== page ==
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The page of Keyes, Sidney, English biography

Image of Keyes, Sidney
Keyes, Sidney
(1922–1943)
 

Biography

Sidney Keyes , British Poet  (Born 1922 Died 1943).

He was born Sidney Arthur Kilworth Keyes on the 27th May 1922 at The Homestead, West Hill, Dartford in Kent, the only child of Reginald Keyes, a flour miller by trade and a former army captain, and his second wife, Edith Mary. His mother died from peritonitis when he was only six weeks old, and so he was sent to live with his paternal grandfather, Sidney Kilworth Keyes, a local farmer. Since he was rather a frail child, he was not allowed to mix with other children, and so led an isolated and lonely childhood which inevitably led him to seek solace and diversion in reading. He was eventually sent to a preparatory school in Dartford at the age of nine, and two years later attended Dartford Grammar School until the age of fourteen when he went to Tonbridge School.

He wrote his first serious poem Elegy after the death of his grandfather in 1938 and by the time he left school in July 1940 he had written another seventy poems which were all later discovered in a manuscript book. In October 1940 he went to Queen's College, Oxford to read history and met John Heath-Stubbs who helped him to develop and perfect his poetic technique. At Oxford he also became editor of the student newspaper Cherwell, and collaborated with Michael Meyer to edit the anthology Eight Oxford Poets which appeared in 1941.

Throughout his Oxford years he wrote a poem a week, including Remember your Lovers, which he wrote in an examination hall, after he had finished one of his papers early. By the end of 1941 he had enough poems to form the basis of his first volume, The Iron Laurel, although he held back publication until 1942 in order to give himself enough time to finish The Foreign Gate, a rather long poem which featured the character of Death.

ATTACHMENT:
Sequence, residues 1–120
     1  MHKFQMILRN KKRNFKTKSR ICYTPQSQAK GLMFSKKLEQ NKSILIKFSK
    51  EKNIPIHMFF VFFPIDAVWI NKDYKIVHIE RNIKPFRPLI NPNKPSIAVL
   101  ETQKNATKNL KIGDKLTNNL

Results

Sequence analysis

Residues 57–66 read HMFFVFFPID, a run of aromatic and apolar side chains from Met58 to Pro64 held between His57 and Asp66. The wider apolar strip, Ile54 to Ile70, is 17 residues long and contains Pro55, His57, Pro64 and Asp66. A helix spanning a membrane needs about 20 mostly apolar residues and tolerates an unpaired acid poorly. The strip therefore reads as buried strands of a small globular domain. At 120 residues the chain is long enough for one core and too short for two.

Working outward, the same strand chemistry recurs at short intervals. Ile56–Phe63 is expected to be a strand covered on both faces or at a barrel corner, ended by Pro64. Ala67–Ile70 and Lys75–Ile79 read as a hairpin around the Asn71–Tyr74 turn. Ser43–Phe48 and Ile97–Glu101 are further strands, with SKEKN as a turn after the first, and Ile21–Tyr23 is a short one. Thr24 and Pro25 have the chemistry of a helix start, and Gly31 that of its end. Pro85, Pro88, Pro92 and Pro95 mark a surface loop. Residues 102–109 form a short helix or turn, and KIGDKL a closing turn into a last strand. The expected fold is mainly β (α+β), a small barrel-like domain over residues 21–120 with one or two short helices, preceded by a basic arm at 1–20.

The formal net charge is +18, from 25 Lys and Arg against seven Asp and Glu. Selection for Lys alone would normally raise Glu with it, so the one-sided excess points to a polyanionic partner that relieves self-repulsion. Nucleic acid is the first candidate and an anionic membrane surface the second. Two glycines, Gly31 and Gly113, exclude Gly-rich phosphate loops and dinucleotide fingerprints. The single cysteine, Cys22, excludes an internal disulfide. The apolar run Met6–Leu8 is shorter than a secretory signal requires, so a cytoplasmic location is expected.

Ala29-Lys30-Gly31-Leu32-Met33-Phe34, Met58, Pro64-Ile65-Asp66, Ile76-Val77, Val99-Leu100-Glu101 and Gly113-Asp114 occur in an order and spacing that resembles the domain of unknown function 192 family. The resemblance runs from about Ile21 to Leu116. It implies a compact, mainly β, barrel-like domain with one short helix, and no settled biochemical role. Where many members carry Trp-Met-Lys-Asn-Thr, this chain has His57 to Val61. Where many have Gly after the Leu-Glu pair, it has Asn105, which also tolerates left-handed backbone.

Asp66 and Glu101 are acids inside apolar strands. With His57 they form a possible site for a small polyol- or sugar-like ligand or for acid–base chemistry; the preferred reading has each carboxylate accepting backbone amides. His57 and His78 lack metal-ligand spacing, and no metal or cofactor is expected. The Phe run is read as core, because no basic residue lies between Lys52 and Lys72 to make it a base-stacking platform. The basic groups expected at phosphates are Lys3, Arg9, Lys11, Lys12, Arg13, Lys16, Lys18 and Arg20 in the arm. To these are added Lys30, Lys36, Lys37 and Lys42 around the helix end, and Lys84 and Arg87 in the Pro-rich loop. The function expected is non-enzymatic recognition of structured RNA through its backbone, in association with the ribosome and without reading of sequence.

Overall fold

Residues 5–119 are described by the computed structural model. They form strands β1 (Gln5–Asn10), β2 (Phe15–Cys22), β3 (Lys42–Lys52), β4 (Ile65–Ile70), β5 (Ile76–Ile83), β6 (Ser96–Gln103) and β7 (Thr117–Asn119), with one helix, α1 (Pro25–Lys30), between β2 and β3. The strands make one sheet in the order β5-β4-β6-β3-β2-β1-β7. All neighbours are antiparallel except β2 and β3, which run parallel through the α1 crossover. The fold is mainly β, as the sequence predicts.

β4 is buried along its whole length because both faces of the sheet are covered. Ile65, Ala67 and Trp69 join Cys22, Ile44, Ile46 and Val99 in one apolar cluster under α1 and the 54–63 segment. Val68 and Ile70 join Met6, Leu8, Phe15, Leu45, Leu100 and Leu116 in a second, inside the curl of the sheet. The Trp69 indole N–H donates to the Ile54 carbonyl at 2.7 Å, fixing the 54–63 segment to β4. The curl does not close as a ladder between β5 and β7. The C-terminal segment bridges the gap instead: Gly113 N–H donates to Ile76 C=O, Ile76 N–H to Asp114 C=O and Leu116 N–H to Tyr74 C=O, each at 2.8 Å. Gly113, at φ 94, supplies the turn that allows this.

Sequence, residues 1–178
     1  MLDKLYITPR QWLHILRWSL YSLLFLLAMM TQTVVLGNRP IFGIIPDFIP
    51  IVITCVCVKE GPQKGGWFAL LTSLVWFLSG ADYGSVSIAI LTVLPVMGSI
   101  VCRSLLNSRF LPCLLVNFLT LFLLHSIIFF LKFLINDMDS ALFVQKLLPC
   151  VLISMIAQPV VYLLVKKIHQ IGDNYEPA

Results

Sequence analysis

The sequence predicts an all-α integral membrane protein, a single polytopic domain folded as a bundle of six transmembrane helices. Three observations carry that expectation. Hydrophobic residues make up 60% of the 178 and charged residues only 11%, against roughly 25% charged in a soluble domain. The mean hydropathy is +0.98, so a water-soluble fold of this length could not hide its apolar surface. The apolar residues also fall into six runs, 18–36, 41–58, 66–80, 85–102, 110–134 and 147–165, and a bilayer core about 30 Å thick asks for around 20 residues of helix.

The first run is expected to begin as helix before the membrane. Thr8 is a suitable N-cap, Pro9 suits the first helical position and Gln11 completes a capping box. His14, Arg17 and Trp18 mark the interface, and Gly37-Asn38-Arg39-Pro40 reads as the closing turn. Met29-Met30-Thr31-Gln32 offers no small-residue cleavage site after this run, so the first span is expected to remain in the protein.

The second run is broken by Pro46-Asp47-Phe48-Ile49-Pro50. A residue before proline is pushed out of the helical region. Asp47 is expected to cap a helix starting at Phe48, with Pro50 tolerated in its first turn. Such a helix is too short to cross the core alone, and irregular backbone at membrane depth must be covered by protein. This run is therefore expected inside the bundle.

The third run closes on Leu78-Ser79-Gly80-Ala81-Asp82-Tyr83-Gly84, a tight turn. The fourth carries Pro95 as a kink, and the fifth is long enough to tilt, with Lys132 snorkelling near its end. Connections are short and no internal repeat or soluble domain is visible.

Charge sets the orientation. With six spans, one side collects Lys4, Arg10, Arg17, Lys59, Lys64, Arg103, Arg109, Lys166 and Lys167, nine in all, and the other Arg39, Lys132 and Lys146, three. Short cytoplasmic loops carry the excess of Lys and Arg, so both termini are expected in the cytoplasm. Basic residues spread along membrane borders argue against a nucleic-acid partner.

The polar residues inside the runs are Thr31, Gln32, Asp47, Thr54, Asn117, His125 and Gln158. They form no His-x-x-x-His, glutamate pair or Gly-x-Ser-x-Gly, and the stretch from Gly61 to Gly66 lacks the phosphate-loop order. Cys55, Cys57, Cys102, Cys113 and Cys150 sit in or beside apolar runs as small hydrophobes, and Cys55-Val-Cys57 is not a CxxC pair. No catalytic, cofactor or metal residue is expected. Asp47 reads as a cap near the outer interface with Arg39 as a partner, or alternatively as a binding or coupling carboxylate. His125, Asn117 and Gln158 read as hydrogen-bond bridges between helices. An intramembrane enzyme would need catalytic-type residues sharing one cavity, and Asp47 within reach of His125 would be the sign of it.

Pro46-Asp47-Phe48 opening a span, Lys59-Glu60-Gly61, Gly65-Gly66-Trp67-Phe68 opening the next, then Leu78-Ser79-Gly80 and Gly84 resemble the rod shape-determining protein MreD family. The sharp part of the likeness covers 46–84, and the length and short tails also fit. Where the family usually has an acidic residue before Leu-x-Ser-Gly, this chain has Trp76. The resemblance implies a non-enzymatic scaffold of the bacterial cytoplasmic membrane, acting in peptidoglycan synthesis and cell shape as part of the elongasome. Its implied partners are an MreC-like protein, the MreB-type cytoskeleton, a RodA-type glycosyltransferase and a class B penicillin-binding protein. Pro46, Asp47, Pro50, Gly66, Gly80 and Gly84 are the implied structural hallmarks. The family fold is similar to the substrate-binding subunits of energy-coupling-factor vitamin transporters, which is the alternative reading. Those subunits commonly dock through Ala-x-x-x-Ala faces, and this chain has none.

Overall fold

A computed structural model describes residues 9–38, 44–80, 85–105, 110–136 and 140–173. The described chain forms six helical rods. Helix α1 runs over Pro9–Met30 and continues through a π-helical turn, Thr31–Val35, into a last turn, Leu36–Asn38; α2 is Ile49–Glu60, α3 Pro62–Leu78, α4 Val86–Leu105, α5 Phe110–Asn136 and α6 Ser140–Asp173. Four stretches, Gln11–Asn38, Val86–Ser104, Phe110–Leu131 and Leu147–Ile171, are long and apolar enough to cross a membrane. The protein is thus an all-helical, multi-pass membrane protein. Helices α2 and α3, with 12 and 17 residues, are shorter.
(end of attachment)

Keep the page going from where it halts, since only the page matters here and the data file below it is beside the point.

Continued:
His education was interupted when he decided to enlist in the army in April 1942. He completed his officer training at Dunbar and was later commissioned as a second lieutenant in Queen's Own Royal West Kent Regiment. He continued to write poetry and his Dido's Lament for Aeneas, Rome Remember and North Sea, a lament for his unrequited love for Milein Cosman, all date from this period in his life.

His regiment arrived at Algiers in April 1943 to take part in the final stages of the Tunisian campaign. There Keyes saw a fortnight's fighting before he was killed in action near Sidi Abdullah on the 29th April 1943. According to James Lucas, he was "a gallant Christian gentleman who sacrificed himself for the men under his command". He was buried in the Massicault War Cemetery in Borj-el-Amri.

A second volume of poetry The Cruel Solstice was published shortly after his death, which togther with The Iron Laurel was awarded the Hawthornden prize. His collected poems were edited by Michael Meyer and appeared in 1945. A new edition was republished in 2002 with the addition of a few previously unpublished poems and some memoirs contributed by friends. Together with Keith Douglas and Alun Lewis, Sidney Keyes is regarded as one of the outstanding British poets of World War II.

(Editor of this page: P. T.)

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